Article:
Friday 26th July 2019
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Finance Minister Grant Robertson says too much government time is spent juggling small funding pools rather than focusing on strategic issues and getting value for money and he plans to introduce greater flexibility to its financial management.
The government has already made changes to the Public Finance Act requiring the finance minister to report on child well-being and child poverty at every budget. Robertson will introduce legislation to amend it further by requiring the government to show how its well-being and fiscal objectives will guide its budget and for the Treasury to report on the state of current and future well-being in New Zealand at least every four years.
Robertson today told a Victoria University conference recognising the 30th anniversary of the Public Finance Act that the legislation and public finance system have limitations that undermine the government's pursuit of well-being goals.
"While the original intent of the reforms may well have been to bring about greater flexibility, the way they have been operationalised has sometimes had the effect of putting an 'electric fence' around parts of the fiscal management system," Robertson said.
"This can hinder co-operation and innovation, create silos, and make it harder to help people who have needs or problems that fall across agencies."
The framework means the annual budget cycle focuses on marginal increases in funding rather than total government spending, annual appropriations are too rigid to adapt to changing circumstances, and performance accountability conventions restrict innovation, he said.
Robertson unveiled his first well-being budget this year. The government plans to report more broadly what its policies and spending programmes are achieving, rather than simply posting the numbers.
The 2019 budget also introduced a multi-year allowance for capital investments, which, combined with the new Infrastructure Commission, is hoped to bring greater certainty to a construction sector that's been contending with tight margins and limited labour availability. Separately, State Services Minister Chris Hipkins is eyeing major law reform to force far more collaboration between government agencies on the biggest policy challenges.
Robertson said his three main themes to align the system to a well-being approach are embedding well-being in the legislation, making the financial management framework more flexible, and incorporating existing spending into the budget.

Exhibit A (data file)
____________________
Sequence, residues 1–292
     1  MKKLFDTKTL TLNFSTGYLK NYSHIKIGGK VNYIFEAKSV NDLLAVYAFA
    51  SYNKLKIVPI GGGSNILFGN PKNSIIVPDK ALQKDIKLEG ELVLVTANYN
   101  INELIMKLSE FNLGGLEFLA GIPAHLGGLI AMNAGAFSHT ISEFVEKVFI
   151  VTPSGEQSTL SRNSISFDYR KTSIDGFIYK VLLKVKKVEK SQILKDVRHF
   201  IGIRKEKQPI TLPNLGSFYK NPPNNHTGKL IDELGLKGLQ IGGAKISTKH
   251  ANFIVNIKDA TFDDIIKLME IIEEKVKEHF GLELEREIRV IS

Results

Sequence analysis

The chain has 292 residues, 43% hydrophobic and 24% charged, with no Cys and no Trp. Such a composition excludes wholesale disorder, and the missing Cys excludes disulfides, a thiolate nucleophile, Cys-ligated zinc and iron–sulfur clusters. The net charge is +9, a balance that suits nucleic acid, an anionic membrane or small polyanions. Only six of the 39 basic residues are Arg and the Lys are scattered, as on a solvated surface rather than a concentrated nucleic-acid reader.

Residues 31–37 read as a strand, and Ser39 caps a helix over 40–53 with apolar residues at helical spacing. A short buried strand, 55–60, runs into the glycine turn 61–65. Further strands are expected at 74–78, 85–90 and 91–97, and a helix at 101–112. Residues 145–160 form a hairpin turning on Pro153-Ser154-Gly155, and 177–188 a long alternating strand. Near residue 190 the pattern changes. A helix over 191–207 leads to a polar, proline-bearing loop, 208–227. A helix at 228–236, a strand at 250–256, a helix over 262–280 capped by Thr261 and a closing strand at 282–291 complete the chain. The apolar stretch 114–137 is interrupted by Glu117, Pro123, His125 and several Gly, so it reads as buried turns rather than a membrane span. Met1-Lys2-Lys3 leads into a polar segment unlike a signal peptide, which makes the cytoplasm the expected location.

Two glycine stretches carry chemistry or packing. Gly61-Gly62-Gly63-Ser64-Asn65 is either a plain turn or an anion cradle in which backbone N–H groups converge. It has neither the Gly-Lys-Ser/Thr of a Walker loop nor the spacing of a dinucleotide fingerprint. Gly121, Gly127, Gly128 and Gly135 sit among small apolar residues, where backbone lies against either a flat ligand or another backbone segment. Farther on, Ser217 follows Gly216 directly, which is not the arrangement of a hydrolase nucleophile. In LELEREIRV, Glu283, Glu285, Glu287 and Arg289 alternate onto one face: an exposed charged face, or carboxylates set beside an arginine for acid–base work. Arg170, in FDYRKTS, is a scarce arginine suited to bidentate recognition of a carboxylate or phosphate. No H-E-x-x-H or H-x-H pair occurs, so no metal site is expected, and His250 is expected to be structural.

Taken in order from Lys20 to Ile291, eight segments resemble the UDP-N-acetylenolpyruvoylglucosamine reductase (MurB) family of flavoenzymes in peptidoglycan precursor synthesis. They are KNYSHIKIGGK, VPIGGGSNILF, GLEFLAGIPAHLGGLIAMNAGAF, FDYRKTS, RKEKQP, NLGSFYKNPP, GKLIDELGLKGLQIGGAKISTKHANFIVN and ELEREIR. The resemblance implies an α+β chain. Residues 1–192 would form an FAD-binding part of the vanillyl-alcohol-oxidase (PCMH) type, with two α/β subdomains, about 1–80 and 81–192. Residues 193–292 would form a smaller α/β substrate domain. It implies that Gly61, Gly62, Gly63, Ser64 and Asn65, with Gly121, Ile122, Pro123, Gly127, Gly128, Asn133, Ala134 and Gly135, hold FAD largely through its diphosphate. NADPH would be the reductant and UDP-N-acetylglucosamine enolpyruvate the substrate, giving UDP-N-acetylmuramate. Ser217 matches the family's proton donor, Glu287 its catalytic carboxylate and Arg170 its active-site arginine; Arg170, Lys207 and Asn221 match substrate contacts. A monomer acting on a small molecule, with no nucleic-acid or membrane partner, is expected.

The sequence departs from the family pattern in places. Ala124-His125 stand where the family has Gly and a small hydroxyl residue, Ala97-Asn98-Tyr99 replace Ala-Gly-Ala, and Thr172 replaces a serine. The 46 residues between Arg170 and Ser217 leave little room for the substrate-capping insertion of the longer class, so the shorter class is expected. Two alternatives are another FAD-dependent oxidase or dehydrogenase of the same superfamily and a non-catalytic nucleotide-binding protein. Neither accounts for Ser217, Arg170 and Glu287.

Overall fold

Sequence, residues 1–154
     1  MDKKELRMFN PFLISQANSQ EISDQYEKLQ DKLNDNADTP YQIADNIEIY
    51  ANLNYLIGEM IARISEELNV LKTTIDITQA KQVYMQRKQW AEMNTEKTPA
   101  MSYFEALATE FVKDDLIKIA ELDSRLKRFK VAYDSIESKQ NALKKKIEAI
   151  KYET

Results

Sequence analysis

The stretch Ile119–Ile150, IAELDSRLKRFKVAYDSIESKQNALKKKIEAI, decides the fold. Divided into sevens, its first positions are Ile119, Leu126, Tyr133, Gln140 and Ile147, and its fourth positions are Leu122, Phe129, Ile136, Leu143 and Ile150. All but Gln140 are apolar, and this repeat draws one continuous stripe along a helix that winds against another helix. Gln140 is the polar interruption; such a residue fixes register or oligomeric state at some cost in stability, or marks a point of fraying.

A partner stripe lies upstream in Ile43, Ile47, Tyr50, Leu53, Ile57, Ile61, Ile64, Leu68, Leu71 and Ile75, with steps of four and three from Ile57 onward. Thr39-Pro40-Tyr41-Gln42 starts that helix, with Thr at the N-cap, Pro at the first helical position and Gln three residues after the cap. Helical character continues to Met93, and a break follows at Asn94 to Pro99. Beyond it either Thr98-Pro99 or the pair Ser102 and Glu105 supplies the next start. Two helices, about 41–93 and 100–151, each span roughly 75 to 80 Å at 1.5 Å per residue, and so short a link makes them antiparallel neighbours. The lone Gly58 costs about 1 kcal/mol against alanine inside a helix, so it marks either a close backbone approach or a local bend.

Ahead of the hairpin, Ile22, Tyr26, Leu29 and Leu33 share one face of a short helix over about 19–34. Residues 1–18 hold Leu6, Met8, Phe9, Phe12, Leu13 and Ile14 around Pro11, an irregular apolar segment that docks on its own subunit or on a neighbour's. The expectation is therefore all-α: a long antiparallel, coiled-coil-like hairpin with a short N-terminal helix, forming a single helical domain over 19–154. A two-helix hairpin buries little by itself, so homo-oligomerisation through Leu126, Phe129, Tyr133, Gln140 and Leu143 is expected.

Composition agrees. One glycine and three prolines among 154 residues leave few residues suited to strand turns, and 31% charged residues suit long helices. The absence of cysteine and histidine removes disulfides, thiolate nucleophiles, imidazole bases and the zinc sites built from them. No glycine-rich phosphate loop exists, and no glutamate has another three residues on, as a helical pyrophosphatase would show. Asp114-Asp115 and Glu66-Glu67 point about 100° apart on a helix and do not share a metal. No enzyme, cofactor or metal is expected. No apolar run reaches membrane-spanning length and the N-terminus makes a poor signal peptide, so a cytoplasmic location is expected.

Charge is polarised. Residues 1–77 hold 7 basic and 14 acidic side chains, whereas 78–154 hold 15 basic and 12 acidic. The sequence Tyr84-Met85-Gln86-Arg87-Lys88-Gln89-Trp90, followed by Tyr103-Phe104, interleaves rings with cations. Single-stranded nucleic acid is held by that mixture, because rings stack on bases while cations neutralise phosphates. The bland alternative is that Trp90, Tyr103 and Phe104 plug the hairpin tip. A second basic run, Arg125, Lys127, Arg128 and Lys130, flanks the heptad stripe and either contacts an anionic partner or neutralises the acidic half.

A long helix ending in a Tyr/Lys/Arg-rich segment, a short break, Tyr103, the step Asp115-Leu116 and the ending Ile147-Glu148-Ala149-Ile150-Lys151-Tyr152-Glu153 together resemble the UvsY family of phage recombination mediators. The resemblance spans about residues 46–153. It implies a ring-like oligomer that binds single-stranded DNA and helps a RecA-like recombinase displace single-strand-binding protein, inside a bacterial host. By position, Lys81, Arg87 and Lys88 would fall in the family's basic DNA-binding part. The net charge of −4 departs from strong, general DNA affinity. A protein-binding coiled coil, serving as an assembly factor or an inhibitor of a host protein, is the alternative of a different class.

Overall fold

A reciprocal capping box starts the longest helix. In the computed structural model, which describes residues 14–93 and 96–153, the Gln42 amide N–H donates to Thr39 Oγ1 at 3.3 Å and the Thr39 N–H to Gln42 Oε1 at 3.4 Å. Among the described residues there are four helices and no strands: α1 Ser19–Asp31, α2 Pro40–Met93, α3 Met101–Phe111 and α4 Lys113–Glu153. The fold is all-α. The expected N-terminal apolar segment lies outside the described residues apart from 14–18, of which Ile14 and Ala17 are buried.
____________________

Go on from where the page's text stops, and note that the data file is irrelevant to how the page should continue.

He said changes to the financial management framework aim to make it smarter and more flexible, and get people thinking differently about planning and reporting.
"Our current system has a very high degree of regulation, which means we spend far too much time and resource on authorising, managing and keeping track of a large number of small funding pools, rather than focusing on the strategic issues and value of spending – the areas where we can make a difference," he said.
"Although the system does give some flexibility to shift funding across pools, and to move it from programmes that aren’t working to those that are, this can be difficult and have high transaction costs."
Robertson also wants better strategic planning by government agencies, because too many plans involve significant time and effort, "but end up sitting on the shelf gathering dust".
He plans to take a proposal to Cabinet to improve strategic planning, testing a fundamentally different approach with one or two pilots, each of which will shine a spotlight on a specific long-term issue.
Robertson said about 98 percent of government spending sits outside the budget process, which means the annual centrepiece is largely reactive and often too late to respond to major strategic moves.
A baseline review of the Ministry of Social Development found "years of under-investment in case management meant that services had become run down, meaning fewer people getting into work, and driving up costs to the taxpayer." It also highlighted how reactive processes saddled the agency with expensive, inefficient and risky IT systems which will take years to address, he said.
A baseline review on defence spending has already been started and Robertson plans to accelerate that work so larger agencies can come under the microscope.
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